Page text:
Two recent pieces highlight neglected dimensions of corporate and upscale welfare, already wealthy people making large amounts of money from the tax dollars of ordinary people.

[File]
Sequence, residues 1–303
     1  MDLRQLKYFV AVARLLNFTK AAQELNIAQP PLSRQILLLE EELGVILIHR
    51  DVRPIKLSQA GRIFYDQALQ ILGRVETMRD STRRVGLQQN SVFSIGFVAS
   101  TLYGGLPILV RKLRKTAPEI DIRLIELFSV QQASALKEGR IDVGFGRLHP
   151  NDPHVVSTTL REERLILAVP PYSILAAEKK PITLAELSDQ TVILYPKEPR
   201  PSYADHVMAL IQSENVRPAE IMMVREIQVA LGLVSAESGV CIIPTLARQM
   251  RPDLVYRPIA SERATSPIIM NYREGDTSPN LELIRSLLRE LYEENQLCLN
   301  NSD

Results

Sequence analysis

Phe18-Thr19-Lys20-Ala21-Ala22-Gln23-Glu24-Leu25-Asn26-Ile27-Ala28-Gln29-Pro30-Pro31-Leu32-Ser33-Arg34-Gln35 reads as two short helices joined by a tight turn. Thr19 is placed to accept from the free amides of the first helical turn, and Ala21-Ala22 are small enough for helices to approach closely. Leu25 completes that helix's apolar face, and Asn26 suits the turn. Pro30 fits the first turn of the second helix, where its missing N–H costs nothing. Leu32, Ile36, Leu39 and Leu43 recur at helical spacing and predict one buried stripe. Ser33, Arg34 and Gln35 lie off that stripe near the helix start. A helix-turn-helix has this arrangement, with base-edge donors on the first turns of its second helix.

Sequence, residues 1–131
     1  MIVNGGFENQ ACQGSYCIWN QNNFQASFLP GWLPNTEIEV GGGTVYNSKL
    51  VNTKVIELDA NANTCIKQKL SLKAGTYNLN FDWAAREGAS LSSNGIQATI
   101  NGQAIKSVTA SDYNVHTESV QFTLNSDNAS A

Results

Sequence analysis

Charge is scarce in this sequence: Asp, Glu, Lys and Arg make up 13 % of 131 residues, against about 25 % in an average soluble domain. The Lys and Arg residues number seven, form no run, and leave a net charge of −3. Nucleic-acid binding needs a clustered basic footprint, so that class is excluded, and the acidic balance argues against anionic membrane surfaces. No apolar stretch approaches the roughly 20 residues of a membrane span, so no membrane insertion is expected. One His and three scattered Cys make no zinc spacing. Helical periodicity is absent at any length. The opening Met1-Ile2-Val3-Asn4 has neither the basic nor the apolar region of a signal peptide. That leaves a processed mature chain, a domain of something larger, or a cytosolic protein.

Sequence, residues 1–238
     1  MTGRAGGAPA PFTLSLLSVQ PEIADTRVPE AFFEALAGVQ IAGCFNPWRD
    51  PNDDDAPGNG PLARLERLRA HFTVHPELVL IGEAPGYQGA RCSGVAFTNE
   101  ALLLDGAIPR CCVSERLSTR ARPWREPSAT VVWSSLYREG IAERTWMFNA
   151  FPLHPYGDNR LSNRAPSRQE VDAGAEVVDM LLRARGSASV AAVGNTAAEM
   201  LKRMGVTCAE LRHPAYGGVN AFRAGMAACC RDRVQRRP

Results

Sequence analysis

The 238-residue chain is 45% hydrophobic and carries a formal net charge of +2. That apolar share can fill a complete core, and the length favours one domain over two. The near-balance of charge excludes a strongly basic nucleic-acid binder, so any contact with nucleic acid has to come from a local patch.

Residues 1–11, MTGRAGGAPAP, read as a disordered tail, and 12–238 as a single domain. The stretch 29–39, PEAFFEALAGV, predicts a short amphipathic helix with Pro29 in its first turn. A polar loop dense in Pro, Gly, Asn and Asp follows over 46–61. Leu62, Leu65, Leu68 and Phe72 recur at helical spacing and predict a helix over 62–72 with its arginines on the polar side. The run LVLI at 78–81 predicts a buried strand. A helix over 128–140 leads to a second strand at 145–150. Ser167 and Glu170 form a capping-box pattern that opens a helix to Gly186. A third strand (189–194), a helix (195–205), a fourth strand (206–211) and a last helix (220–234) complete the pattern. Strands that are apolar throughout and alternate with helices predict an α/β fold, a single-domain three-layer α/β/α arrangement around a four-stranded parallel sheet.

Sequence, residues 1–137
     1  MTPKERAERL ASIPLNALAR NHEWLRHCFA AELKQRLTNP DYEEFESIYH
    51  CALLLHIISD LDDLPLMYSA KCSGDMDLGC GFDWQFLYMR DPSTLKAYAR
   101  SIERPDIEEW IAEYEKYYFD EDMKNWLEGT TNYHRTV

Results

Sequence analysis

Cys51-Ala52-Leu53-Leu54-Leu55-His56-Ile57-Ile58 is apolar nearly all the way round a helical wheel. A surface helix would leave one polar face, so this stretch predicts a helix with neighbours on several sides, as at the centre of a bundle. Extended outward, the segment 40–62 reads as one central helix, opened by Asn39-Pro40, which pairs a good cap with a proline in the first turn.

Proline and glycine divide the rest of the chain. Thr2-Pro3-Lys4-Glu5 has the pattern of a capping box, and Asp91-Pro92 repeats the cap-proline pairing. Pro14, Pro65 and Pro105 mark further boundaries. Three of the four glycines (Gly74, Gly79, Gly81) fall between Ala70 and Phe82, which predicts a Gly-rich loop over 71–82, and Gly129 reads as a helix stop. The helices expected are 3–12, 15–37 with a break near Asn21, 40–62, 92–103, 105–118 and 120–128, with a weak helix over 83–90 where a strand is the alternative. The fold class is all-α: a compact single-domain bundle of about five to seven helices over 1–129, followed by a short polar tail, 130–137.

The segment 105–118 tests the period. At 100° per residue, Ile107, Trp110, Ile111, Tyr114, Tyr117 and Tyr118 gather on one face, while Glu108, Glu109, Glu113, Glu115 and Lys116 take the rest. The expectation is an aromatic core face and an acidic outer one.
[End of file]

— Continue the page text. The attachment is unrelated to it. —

At Slate , Krissy Clark asks the obvious question of who ultimately benefits from food stamp programs. The program feeds poor kids and families, of course, but they don’t get food unless they take their stamps to approved stores: “Last year $76 billion flowed from the U.S. Treasury to people’s food stamp cards. That money then flowed into the revenue streams of about 240,000 stores across the country, all of which have been approved by the federal government to accept food stamps, officially known as the Supplemental Nutrition Assistance Program. You can look at SNAP as a government subsidy with two lives. First, low-income people enrolled in the program get financial help to buy food. Then, when they swipe their EBT cards at the checkout counters, the government pays those stores for that food—which is, of course, being sold at a profit.” Do we pay taxes to subsidize Wal-Mart?